My hubby got tired of my complaints about our sad, pitiful scanner so, for Christmas, he surprised me with a sweet, state-of-the-art machine that can even scan 35mm film. (Early in our relationship I assured him that I prefer practical gifts over jewellry or other typical "girlie" presents. So this scanner, along with the rice cooker he gave me some years ago, reflects just how well hubby knows me. And, incidentally, how much he loves rice!)
I've been giddy with excitement scanning photos since the holidays. I've only made a wee dent in my mountain of images, film negatives and certificates. But the librarian in me has already catalogued where everything in my collection will eventually "live", as well as which family members will be getting a cd of which pictures.
Some people prefer to archive their old photos in photo albums or scrapbooks, favouring the authenticity of the actual texture and look of an aging print. If you are one of those people I ask you: what is the point of squirelling these precious photos away? True, you want to keep them away from sunlight and sticky fingers. But don't you want to reflect and remember the subjects?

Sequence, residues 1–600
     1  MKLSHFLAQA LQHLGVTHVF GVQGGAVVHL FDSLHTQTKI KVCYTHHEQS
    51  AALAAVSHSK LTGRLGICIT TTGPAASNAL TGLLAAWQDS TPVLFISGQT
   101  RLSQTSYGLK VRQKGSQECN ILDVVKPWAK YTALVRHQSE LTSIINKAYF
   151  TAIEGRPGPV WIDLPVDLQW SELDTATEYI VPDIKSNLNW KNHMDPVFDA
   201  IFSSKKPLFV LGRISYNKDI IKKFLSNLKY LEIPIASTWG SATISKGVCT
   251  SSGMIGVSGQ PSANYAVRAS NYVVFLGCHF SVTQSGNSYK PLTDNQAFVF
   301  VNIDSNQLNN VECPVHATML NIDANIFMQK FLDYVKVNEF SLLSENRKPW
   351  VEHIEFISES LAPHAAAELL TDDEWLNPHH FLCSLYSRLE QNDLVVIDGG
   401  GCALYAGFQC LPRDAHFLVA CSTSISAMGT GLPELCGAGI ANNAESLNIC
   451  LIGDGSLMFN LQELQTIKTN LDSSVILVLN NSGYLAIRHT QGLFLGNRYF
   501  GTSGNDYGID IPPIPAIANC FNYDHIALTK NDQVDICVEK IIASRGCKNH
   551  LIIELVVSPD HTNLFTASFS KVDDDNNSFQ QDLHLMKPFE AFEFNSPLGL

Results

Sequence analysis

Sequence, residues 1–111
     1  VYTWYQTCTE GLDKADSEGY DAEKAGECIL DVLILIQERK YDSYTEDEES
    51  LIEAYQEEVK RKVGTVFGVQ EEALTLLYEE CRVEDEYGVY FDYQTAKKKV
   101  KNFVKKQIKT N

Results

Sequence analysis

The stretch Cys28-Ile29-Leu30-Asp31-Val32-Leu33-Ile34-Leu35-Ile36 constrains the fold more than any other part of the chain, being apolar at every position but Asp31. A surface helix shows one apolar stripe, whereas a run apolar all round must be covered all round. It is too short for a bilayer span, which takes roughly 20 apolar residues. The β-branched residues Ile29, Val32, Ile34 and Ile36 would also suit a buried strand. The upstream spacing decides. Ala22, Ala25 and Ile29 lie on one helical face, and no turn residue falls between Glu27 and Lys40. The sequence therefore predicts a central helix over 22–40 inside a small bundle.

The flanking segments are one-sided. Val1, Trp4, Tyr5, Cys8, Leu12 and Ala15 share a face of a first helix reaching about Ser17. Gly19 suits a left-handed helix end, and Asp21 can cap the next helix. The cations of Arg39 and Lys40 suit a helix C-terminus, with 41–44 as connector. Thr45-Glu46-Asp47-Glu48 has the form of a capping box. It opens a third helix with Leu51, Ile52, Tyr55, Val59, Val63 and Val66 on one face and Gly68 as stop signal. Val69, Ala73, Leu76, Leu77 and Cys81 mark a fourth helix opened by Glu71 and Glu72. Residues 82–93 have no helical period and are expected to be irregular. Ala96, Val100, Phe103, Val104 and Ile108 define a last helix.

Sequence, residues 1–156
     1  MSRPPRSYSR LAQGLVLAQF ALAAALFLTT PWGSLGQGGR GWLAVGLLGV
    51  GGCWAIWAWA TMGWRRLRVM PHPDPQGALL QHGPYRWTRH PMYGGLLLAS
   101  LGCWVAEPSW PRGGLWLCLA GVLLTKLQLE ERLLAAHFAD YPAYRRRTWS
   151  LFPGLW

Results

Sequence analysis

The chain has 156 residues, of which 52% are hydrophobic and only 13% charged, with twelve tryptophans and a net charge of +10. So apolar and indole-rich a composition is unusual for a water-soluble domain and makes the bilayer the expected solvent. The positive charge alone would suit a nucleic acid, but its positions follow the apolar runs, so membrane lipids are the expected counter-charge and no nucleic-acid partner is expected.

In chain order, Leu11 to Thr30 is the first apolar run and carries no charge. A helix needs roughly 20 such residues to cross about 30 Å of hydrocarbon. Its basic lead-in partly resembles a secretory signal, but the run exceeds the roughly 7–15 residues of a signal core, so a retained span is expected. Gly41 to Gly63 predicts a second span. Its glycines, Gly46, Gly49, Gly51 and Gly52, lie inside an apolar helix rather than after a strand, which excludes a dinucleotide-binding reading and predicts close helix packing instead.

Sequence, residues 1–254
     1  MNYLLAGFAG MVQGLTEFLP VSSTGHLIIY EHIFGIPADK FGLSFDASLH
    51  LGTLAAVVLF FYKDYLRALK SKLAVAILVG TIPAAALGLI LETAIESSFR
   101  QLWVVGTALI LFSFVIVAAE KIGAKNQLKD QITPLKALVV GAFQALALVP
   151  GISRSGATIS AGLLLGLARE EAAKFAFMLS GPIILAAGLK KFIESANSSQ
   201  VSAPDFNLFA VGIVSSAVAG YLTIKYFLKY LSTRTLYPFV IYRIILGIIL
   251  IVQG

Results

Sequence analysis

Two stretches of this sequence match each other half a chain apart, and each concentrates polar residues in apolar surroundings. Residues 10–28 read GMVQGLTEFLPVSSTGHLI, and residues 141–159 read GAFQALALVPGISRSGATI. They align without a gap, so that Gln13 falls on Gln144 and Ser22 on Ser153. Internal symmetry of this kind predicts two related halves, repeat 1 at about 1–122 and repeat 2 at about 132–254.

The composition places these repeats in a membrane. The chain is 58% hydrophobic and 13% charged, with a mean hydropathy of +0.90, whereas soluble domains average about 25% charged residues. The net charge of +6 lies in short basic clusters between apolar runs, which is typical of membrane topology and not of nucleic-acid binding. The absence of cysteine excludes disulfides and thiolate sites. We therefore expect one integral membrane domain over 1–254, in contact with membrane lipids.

Any archivist will tell you that preserving the content is of utmost importance, not the medium. And, just in case something happens to the original, wouldn't you feel better knowing that there was a digital image - or better yet, two - to keep the memories and stories alive?
Another advantage of scanning old photos is that there are hundreds of lovely and creative ways to display them. You can create memory books, calendars, holiday ornaments, even quilts or cross-stitch patterns.
Consider scanning your old photos. It's a wise investment.